Partner agencies will consider the Environmental Impact Report in decision making, and construction could start as early as 2025.
Select Pure Water Southern California facilities may be online.
Operations are scheduled to begin.
Innovation at Work
Pure Water Southern California is novel in its scale and purification process, but the concept of recycling water is not new. Several communities across Southern California, including some in Los Angeles, Orange and San Bernardino counties, - not to mention uses worldwide - use recycled water for drinking and other applications.
Click on the to explore various innovative programs in development and operation throughout our region.
The City of San Diego is constructing a new water recycling plant and associated facilities to produce 30 million gallons of purified water daily. This is the first phase in its multi-year Pure Water Program that will provide one-third of the City’s water supply by 2035.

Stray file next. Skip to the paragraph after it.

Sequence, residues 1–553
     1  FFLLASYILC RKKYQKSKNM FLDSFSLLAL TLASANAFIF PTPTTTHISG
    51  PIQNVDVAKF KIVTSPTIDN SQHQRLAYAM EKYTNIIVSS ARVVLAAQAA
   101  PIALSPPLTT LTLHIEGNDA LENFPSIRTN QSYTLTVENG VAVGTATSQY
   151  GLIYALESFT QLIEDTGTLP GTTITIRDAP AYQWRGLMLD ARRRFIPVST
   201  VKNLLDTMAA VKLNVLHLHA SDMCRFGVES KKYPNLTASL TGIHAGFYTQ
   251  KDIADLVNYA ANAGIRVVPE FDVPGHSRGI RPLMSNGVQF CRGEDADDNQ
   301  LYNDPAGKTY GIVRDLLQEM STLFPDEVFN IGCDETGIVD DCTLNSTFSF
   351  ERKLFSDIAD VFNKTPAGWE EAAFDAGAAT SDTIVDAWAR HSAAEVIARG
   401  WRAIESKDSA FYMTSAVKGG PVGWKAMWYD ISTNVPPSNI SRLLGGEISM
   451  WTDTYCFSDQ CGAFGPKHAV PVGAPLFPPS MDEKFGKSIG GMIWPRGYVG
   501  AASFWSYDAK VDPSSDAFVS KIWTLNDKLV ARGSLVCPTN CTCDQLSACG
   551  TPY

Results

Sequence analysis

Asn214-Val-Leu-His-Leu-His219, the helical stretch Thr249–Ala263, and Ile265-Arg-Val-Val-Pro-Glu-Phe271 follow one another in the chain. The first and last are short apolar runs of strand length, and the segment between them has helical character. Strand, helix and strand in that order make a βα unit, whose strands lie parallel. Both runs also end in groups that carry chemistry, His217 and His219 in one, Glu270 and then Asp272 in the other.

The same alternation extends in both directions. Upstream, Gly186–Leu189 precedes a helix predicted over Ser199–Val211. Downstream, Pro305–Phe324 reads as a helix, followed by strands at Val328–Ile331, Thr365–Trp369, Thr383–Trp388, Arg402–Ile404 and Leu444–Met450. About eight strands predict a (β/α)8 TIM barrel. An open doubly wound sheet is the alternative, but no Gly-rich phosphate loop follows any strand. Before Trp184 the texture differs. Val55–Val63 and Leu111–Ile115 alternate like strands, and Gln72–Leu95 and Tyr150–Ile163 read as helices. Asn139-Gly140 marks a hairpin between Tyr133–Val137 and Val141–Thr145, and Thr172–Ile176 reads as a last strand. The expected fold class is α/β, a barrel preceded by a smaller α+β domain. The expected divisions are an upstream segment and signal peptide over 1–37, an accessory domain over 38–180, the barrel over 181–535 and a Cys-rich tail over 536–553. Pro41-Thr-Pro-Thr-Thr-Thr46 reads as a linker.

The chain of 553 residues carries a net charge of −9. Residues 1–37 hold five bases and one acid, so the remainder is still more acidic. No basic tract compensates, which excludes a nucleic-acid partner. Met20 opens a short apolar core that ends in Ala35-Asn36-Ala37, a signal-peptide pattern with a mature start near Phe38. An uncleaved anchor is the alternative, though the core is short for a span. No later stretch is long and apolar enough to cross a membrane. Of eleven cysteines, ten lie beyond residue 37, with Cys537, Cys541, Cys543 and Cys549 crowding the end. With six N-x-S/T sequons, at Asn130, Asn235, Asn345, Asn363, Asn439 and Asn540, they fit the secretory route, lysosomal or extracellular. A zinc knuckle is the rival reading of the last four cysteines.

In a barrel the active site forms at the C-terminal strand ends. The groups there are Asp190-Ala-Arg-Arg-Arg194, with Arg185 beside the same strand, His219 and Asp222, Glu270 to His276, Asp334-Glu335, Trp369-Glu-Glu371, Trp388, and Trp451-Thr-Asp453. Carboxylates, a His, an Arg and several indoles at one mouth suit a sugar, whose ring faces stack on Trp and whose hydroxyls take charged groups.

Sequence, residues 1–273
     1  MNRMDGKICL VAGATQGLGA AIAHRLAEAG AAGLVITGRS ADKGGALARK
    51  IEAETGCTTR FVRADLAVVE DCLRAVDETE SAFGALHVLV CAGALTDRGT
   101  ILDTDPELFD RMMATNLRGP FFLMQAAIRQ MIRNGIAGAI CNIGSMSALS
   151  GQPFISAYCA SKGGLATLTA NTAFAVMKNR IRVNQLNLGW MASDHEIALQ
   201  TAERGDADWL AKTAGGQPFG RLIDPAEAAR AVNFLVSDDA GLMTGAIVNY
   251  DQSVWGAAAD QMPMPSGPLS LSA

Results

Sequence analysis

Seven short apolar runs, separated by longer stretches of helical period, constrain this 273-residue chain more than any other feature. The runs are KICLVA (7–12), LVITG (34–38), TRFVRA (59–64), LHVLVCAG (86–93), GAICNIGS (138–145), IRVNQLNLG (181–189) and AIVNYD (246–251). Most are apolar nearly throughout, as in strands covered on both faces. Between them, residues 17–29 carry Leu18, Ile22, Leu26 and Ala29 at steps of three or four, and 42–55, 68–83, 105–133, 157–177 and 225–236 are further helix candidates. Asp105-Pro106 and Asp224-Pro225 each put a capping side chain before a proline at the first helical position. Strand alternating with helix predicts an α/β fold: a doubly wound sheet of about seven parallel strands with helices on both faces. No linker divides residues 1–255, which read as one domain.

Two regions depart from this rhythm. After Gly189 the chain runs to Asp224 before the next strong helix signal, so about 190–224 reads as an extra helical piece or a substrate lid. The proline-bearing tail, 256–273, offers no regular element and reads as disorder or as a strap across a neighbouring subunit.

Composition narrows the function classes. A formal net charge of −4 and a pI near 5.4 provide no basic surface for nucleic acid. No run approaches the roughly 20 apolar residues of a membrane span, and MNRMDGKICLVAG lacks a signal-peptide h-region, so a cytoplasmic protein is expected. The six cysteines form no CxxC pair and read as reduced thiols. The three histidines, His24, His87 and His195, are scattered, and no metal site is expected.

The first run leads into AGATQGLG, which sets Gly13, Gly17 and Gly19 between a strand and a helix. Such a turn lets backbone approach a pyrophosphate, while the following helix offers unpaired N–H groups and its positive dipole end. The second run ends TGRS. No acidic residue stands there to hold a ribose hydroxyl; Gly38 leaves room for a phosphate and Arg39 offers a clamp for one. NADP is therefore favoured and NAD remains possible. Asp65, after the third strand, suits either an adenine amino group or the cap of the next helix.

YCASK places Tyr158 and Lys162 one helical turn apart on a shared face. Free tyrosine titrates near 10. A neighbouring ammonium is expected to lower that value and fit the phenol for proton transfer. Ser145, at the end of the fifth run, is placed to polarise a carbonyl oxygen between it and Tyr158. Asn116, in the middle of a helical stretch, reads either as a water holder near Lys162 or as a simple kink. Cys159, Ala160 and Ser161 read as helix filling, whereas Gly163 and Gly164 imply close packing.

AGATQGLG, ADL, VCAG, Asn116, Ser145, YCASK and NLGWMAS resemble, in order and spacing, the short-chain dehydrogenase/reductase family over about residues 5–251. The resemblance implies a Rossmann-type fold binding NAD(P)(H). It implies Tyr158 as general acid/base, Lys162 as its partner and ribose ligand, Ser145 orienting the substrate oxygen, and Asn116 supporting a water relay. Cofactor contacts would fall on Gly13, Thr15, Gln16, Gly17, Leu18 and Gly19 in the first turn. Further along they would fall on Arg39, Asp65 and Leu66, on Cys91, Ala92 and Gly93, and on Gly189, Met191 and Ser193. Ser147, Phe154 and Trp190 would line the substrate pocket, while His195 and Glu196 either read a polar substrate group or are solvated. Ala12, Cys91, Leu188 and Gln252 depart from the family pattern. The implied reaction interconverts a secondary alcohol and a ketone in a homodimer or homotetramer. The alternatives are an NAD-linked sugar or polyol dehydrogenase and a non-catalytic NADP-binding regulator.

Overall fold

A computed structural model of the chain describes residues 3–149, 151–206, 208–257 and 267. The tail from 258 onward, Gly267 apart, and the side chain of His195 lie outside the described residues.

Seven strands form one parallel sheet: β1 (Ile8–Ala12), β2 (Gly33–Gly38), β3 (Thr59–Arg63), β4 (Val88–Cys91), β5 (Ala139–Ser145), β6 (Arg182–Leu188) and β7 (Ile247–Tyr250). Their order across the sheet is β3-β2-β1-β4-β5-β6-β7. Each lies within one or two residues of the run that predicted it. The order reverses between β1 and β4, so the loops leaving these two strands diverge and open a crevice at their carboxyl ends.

The Edward C. Little Water Recycling Facility purifies water from the City of Los Angeles' Hyperion Wastewater Treatment Plant and produces water for irrigation water, industrial use, and adding to groundwater to prevent seawater intrusion.
The Groundwater Replenishment System is the world's largest advanced water purification system. The system produces 100 million gallons of purified water daily to help refill groundwater basins. It is currently undergoing an expansion to 130 million gallons daily.
The Albert Robles Center purifies and recycles approximately 14.8 million gallons of water daily, which is used for groundwater replenishment. The Center is a multipurpose and multi-benefit site which includes an Advanced Water Treatment Facility, a fully digital Learning Center, and a water-efficient Demonstration Garden.